The short answer is that I was in the Intensive Care Unit on Saturday, and the long answer is that I was discharged today. So that’s nice. Miss Rovel (1921) is mostly scanned, too. That’s also nice.

A Further Delay

A Further Delay

I’m sure you’ve already noticed the meager number of posts as well as the slowed number of videos released as of late. I’ve been a bit ill and am rather a bit more ill now. Not to sound too dramatic, but what the immediate future is I really can’t say and the delay may last quite some time longer.

A Delay

A Delay

The computer that I used to control the film scanner has finally given up the ghost. I don’t remember when I got it, but it’s old — eleven, twelve, maybe thirteen years. It was a very nice machine when new, and while it had been long supplanted as my daily driver, it fulfilled its reduced role as scanner controller quite well.

Its behavior had been getting increasingly more erratic and unpredictable this past year, but I’ve always been able to patch it up enough to keep it going. This last failure, though, was catastrophic. I’ve taken it apart and gone over it and diagnosed the likely issue, but fixing it would mean replacing the motherboard and that would cost more than the whole system is worth.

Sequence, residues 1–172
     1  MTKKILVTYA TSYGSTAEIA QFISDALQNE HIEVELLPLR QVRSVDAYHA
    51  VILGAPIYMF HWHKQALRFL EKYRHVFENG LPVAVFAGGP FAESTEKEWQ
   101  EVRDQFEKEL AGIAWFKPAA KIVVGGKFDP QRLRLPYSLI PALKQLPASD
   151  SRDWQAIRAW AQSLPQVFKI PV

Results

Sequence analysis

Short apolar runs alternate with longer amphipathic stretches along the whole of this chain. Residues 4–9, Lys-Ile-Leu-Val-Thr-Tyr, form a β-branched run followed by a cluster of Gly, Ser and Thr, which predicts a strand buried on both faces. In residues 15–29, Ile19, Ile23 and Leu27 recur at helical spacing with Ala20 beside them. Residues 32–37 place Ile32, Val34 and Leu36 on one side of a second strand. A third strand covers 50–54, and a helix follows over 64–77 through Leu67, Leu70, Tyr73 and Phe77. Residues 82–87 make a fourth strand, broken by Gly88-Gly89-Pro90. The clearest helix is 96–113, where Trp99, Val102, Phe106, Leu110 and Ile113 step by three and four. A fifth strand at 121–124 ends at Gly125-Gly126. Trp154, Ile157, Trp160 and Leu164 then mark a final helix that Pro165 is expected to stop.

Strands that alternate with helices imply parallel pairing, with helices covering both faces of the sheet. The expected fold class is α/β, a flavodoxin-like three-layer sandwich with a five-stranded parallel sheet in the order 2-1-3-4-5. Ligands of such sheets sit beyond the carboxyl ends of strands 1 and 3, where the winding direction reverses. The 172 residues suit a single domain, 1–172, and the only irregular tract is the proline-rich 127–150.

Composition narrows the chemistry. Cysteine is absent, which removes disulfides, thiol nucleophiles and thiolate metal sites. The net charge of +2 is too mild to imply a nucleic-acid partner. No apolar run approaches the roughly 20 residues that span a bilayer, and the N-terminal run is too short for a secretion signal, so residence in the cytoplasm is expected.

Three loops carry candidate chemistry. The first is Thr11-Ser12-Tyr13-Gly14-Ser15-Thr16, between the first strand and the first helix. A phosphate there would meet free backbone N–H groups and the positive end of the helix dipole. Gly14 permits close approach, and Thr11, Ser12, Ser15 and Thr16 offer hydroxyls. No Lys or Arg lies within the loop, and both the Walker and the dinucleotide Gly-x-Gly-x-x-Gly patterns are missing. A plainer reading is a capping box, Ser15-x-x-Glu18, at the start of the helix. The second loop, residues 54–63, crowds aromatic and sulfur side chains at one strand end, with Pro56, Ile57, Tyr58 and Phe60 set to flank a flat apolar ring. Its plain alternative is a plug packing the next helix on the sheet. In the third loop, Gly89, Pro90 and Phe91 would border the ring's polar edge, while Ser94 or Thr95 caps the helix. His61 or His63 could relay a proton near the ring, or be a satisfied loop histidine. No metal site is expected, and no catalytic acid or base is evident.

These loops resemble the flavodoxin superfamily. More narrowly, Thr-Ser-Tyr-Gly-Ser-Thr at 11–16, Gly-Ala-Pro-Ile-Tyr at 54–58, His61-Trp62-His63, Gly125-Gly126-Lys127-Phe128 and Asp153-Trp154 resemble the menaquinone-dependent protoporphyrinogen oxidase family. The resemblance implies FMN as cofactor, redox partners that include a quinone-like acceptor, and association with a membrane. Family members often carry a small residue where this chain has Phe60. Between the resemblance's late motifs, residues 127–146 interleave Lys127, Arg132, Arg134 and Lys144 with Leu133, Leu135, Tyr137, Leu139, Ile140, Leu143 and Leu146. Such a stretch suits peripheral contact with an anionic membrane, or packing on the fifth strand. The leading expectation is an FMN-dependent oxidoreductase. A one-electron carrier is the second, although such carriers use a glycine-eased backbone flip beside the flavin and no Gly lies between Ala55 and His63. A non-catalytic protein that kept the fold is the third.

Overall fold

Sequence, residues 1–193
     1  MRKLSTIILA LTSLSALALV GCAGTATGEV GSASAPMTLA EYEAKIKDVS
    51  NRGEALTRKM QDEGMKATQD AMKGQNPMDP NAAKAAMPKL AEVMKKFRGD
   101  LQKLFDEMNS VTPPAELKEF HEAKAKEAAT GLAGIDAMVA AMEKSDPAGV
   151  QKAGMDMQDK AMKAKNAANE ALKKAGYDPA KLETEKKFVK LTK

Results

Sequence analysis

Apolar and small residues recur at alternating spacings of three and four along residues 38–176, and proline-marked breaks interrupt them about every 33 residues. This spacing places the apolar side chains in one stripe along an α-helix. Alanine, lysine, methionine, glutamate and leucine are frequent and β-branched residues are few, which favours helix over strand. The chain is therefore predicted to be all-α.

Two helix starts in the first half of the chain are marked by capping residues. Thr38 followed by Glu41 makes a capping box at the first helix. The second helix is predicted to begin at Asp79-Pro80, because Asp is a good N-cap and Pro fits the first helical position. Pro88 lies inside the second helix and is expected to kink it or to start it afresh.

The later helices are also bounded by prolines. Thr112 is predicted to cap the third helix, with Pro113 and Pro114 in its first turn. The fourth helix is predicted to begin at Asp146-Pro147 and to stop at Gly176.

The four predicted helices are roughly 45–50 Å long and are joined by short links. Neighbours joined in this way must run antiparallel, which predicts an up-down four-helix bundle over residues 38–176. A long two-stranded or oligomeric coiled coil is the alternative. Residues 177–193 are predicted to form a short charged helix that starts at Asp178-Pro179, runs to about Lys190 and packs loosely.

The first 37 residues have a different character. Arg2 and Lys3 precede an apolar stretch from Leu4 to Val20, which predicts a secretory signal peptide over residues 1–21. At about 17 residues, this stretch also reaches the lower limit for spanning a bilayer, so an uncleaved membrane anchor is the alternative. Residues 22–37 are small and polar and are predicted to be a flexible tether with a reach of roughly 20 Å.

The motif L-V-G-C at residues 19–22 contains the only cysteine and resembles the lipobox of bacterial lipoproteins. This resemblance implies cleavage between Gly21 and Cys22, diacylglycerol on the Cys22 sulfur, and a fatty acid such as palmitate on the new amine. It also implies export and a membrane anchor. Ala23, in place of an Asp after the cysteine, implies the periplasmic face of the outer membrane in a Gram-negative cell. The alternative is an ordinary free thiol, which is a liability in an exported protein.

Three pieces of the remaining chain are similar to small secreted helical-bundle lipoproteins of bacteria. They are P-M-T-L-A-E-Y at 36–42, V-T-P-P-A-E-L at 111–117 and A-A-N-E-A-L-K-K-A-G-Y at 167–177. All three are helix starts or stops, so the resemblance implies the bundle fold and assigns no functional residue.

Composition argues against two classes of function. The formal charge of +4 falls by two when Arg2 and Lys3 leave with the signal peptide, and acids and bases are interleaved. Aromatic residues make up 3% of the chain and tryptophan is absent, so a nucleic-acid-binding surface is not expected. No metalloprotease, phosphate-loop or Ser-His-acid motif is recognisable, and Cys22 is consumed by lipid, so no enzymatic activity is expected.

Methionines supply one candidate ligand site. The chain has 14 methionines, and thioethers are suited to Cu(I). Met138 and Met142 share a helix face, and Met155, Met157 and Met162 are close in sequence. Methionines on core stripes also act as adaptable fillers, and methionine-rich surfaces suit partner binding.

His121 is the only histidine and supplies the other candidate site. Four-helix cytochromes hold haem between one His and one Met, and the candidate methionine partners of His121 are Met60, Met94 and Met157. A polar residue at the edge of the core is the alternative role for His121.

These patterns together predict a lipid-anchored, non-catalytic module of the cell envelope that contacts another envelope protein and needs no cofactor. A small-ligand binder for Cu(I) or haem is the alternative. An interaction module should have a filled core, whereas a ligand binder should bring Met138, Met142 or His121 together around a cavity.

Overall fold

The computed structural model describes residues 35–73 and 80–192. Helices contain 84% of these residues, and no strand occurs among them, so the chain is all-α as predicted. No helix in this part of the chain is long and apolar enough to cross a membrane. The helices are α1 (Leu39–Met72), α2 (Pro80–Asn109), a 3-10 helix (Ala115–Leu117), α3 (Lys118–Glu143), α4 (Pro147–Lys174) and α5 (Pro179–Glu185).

And so I’ve decided to replace it with a new or new-ish machine. No data was lost — the drives are fine, and even if they weren’t, everything to within the last 24 hours was backed-up. The loss is more psychological — I tend to become foolishly attached to things. I was sorely tempted to fix it even if it would wind up costing three times the price of replacement, but I just can’t justify that. Not for that machine, anyway — I would, have, and will do it for my first PC, which is still chugging along after 26 years. It’s really the Computer of Theseus at this point: the case is original, the RAM sticks are original, several cables are original — everything else has been replaced at least once from half a dozen different donor machines.

That’s partly the cause of the delay in output, but as for why work has stalled on the two films that had already finished being scanned and processed and only await being scored — remasters both, the Sheldon Lewis Jekyll and Hyde and Ben Hur (1907) — I just chalk that up to my general laziness.

Station Content (Triangle, 1918)

Station Content (Triangle, 1918)
Directed by Arthur Hoyt
Starring Gloria Swanson